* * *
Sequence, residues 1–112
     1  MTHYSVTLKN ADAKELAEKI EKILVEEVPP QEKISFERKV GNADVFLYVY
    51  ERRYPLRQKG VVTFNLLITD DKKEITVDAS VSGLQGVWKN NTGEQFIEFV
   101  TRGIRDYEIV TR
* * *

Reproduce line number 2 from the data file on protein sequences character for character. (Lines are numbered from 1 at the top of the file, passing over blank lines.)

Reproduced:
     1  MTHYSVTLKN ADAKELAEKI EKILVEEVPP QEKISFERKV GNADVFLYVY